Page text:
Growing a Coral Reef (in the garage?!)

ON 11-28-2018 I WAS SWIMMING in the tropical Caribbean waters off St. Croix in the Virgin Islands when I caught some underwater images in digital form of a very vividly alive coral reef ecosystem. Since I couldn’t at that time take up permanent residence on the reef (I very much wanted to), and since I don’t have the means or expertise to have corals as pets (some lucky people do!), I settled for growing a reef by hand on canvas with paint. Since (very reluctantly) coming ashore and returning to my garage-turned-studio in the drought-stricken landscape of Southern California, I have begun painting those corals and that reef, with the visual aid of the watery digital photographs I brought back with me on a nifty memory stick and my own memory to (re)boot.

Just a few beginning colors on 12-25-2018

I started the 40″x40″ painting on Christmas day 2018. Although I have experimented with several brands of oil paints of higher and lower qualities, I always revert back to Blockx oil paints, of which I now use exclusively. I have also used oil mediums such as linseed, safflower, and walnut oils, and more modern inventions such as Liquin, Gamsol, Gamblin Solvent Free Medium, and traditional turpentine and mineral spirits, but again have reverted back to solely using pure poppyseed oil (sans turpentine) to dilute the paint (remember fat over lean!). Blockx’s pure pigment, stone-mill ground, poppyseed oil paints hail from Belgium (officially as Blockx since 1865), whose lineage would trace back to Northern Renaissance Flemish painting and later the Dutch Golden Era. Although the oldest known oil paintings–discovered in 2008 in Bamyan, Afghanistan (archaeology.org) in the form of Buddhist cave paintings–date back circa 650 AD (sciencedaily.com), oil painting as we think of it today did not begin to evolve until the 15th century. This was through the eyes and hands of Northern Renaissance masters such as Jan van Eyck, Pieter Bruegel the Elder, Rogier van der Weyden, Hans Memling, and Hieronymus Bosch. Although elements of Bosch may fantastically approach peculiar forms of the natural world, none of these painters ever painted pictures of coral reefs.

Detail of The Way to Paradise by Norther Renaissance Netherlandish painter Dieric Botus, from 1468-9 AD. Notice the gems amidst the rocks on the shore of the stream
Left to right, starting at the top: ivory black, vine black, cassel earth, mars brown, light red, mars violet, rose madder, pyrrolo red, pyrrolo orange, mars yellow orange, yellow ochre, naples yellow reddish, naples yellow, cadmium yellow light, aureolin, golden green, cinnabar green, cadmium green deep, cobalt green, veronese green, turquoise green, cerulean blue, cobalt blue, blockx blue, indanthrene blue, French ultramarine light, dioxazine mauve, manganese violet, cobalt violet deep, cobalt violet, zinc white, titanium white, and (not shown) flake white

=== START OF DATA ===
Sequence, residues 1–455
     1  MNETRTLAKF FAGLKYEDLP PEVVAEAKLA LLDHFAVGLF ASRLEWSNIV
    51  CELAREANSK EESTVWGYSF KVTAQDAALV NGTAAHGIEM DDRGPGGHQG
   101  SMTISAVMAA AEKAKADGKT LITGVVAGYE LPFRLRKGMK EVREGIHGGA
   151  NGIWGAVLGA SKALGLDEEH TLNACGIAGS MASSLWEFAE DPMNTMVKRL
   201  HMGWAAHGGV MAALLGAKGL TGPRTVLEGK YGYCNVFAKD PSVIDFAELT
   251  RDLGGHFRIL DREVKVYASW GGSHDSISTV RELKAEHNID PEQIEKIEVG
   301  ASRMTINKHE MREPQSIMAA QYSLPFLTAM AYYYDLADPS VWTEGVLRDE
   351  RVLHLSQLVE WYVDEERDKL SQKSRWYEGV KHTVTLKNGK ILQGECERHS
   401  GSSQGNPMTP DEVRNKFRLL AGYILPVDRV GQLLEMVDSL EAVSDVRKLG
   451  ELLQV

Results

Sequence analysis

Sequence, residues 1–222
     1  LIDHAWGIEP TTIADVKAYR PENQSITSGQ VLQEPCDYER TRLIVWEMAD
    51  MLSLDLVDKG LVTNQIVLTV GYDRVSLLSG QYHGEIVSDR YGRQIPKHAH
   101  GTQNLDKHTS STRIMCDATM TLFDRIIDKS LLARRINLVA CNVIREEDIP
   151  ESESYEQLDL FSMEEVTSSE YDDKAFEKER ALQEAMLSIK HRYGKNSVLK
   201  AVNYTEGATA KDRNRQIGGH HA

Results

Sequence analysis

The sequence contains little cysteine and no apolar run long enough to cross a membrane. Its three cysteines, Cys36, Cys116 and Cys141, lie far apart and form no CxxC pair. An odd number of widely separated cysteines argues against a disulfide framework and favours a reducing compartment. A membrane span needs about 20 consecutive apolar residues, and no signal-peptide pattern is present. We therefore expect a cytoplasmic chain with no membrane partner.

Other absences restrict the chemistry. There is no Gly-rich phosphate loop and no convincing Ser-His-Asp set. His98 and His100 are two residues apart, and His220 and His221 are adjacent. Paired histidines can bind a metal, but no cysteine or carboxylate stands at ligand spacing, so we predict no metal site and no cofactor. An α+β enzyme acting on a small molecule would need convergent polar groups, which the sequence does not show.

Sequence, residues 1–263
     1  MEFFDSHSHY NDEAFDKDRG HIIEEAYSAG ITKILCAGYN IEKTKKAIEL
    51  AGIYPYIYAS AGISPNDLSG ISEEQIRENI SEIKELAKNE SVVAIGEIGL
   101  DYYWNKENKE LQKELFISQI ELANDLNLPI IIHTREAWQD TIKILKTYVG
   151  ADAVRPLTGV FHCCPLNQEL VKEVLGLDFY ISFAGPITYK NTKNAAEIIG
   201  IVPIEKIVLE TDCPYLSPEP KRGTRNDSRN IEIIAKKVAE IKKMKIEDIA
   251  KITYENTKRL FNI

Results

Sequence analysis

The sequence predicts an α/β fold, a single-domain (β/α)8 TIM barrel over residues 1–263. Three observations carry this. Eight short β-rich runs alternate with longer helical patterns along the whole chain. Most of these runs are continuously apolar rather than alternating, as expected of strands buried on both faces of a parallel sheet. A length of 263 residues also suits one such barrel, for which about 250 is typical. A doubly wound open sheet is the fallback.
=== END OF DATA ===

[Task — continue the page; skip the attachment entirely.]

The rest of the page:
Palette as it was on 1-4-2019

Even though I use Blockx paints, this specific coral reef painting ended up looking more like a work from the lineage of Impressionism (those French artists using Sennelier oil paints, which are equally good but qualitatively different) rather than the Renaissance. However, since I am doing a painting of something underwater, I could not–unlike the most well-known Impressionist painter Claude Monet–do the paintings en plein air. It would be impossible, sans a see-through submersible, to do oil paintings in plein water. Instead, I looked to photos and, more significantly, to my full-body memory of the physical, sensory experience of being in the water with the coral reef and its inhabitants. A photograph may be scientifically or technologically acute and accurate, but it is not processed or created through the human nervous system the way a painting is.

Above is a digital photograph of a section of a Caribbean coral reef as seen on 11-28-2018
One of Monet’s curved paintings at the Orangerie, Paris, as photographed on 5-18-2018. I wonder how Monet would have felt about coral reefs if he saw them?
As seen on 1-1-2019
…and more it grows…
Detail in progress
Detail photograph of coral and other life forms growing (i.e. in progress…)
Finished detail of that section of painted reef
Close-up photo of coral
Detail of painting, and more below:

Painting as seen on 12-31-2018
Painting as seen on 2-5-2019, after a wash of Aureolin color. This rendered the painting golden all over
After not working on this particular painting for over a month, I went to work on it on 3-30-2019 and took the photo above
The finished painting photographed on 4-21-2019

More photographs of the coral reef can be seen here and paintings here